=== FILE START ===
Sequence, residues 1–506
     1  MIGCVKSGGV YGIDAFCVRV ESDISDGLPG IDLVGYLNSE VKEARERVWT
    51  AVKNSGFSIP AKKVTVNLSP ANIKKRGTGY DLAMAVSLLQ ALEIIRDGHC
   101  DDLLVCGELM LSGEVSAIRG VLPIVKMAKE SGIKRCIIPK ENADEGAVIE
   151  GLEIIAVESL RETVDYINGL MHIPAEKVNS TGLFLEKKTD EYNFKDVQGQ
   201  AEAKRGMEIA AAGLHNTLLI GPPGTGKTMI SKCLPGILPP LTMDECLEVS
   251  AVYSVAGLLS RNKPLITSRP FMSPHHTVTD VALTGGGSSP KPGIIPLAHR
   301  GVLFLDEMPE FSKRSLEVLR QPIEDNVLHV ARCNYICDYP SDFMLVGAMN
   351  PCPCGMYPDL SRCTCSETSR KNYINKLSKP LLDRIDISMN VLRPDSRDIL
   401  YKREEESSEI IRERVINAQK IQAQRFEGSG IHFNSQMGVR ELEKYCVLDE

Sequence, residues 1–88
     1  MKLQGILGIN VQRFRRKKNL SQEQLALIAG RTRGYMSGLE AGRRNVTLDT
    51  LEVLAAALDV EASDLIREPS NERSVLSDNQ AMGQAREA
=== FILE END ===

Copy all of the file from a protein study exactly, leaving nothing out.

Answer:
Sequence, residues 1–506
     1  MIGCVKSGGV YGIDAFCVRV ESDISDGLPG IDLVGYLNSE VKEARERVWT
    51  AVKNSGFSIP AKKVTVNLSP ANIKKRGTGY DLAMAVSLLQ ALEIIRDGHC
   101  DDLLVCGELM LSGEVSAIRG VLPIVKMAKE SGIKRCIIPK ENADEGAVIE
   151  GLEIIAVESL RETVDYINGL MHIPAEKVNS TGLFLEKKTD EYNFKDVQGQ
   201  AEAKRGMEIA AAGLHNTLLI GPPGTGKTMI SKCLPGILPP LTMDECLEVS
   251  AVYSVAGLLS RNKPLITSRP FMSPHHTVTD VALTGGGSSP KPGIIPLAHR
   301  GVLFLDEMPE FSKRSLEVLR QPIEDNVLHV ARCNYICDYP SDFMLVGAMN
   351  PCPCGMYPDL SRCTCSETSR KNYINKLSKP LLDRIDISMN VLRPDSRDIL
   401  YKREEESSEI IRERVINAQK IQAQRFEGSG IHFNSQMGVR ELEKYCVLDE

Sequence, residues 1–88
     1  MKLQGILGIN VQRFRRKKNL SQEQLALIAG RTRGYMSGLE AGRRNVTLDT
    51  LEVLAAALDV EASDLIREPS NERSVLSDNQ AMGQAREA